Can a game be your game of the year and also one of your biggest disappointments? Well, here's what I think: Although I was open to the possibility of getting into the online games-as-service live experience of Anthem on the scale that some people are into Destiny or other similar games, that was never what I came to Anthem for. I wanted to see Bioware storytelling, interesting characters, new environments, while flying in a cool mech and shooting stuff. I got that! There were technical issues, for sure, and my goodness I don't know that I've ever suffered through more long load times. And the mission structure was so frustrating in the way that it prevented you from focusing on what actually was happening during your missions--characters trying to talk to you about what you're doing while you're either in combat or chasing after your teammates who've just run off to the next objective without listening to the story. But: I have had no more powerful experience in video game this year than getting into my javelin, jumping in the air, and hitting the boost to launch like a rocket. It feels so freaking good. I had a great ~40 hours with the initial campaign. The combat was fun, I liked many of the characters, thought it looked gorgeous. This was the most fun I had playing video games all year.

Honorable Mentions:


Night Call - I really liked the approach of this mystery cab driver visual noveli-ish game that I played thanks to Game Pass. Some technical and structural problems prevented it from cracking my list--the speed of the display of the text and of events was too slow and made me impatient, and I never quite understood how certain layers of the game worked--but it was an interesting experience that stuck with me.
Gears 5 - Thanks to Game Pass, I spent some time with this game that I wouldn't have otherwise bothered with, and had a lot of good old fashioned shooty fun. I played many nights of Horde Mode, and may yet come back to finish the story. It's not amazing, but solid, traditional fun.
What Remains of Edith Finch - I played through this over the summer and liked it a lot. It had perhaps been a little overhyped to me, and there was a moment or two I thought were almost too emotional, in the sense that they felt a bit manipulative.
Slay the Spire - I understand why people love this, and it has sucked away many hours from me as well. I feel like I'm missing some last piece to make it truly click for me. Maybe I'm just bad at it? But a run takes a long time for me and I've never won, it all feels just short of satisfying to me.
The Turing Test - Really fun little walking sim/Portal-like puzzle game. I'm surprised this didn't get more attention when it was released, I liked it quite a bit.



Afterlife - I wanted very much to like this game. I enjoyed the studio's previous game, Oxenfree, like their dialogue-driven approach to storytelling. But I think I should've known from the pitch: every time I heard someone say "omg, it's wild, you're in hell and you're challenging the devil to a drinking contest!" I kind of grimaced. Whatever effect that pitch was supposed to have on me, it wasn't having. It just made me feel embarrassed for them, I think? Like it was trying too hard. I still went in pretty enthusiastic about it, figuring I'd get into it once things got going, but no. All of the writing had that same trying-way-too-had feel, desperately wanting to be clever and funny but missing the mark pretty badly for me. And not only did the dialogue miss the mark, it was so slowly paced, with fairly tedious movement through areas. I sank probably 2-3 hours in it in my first couple of days with it, and then didn't come back to it for a month or so. Since then, I twice tried to force myself to get going in it, hoping I could get over the hump and really fall into it--I like the idea of the drinking mechanic, where you pick different drinks that give you thematically appropriate alternate dialogue lines--but the game just wouldn't let me get there. I sat through 7 or 8 not very funny or interesting lines of dialogue, interspersed among scenes of walking slowly from one part of a room to another, then slowly traveled to the beginning of the area, then talked to my boat guide, who then slowly (and with astonishingly poor framerate for a game that doesn't appear to be a real pixel-pusher) led me in a boat to the next area while unfunnily telling me about what faced me ahead and I just said no, I'm done, life is too short, deleted. Sad.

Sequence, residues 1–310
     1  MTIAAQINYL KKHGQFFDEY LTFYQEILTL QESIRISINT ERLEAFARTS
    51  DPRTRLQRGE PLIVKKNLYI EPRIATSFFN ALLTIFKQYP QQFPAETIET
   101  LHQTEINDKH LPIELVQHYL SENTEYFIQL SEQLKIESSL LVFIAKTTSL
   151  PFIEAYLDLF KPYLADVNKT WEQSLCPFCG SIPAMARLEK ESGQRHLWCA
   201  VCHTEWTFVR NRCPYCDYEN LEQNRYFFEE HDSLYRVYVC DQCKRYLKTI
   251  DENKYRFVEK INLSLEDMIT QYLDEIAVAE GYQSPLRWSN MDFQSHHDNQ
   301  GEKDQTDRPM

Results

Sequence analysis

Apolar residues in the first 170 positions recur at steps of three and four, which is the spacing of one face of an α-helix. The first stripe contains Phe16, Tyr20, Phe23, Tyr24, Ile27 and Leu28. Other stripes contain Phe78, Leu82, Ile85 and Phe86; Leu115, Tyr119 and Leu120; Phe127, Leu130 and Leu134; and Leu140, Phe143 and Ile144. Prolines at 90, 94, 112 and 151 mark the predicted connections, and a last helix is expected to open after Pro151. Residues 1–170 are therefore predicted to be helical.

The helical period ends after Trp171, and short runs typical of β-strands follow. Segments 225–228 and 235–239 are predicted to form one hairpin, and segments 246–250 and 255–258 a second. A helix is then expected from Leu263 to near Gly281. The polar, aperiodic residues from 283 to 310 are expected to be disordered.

The Dark Pictures Anthology : Man of Medan - I liked this game okay, overall, and am glad I played and finished it, but it was pretty far short of the standards of Until Dawn, and really seemed to come and go without anyone giving it much notice. I liked the story okay and there were some excellent performances in the game. The gameplay part just didn't live up to my hopes, especially as the way scenes were edited together was often quite poor. This needed more polish, tighter editing, something. Not a bad game, just not what I'd hoped for in the follow-up to Until Dawn.
Crackdown 3 - This wasn't good. At fist it felt comfortingly like "oh yeah, this is what video games used to be like," but that can only be a good thing for so long. After a few hours, you start to wonder how the developers hadn't paid attention to any of the improvements in these sort of openworld shooters in the last, I dunno, 15 years.

Thing of the Year: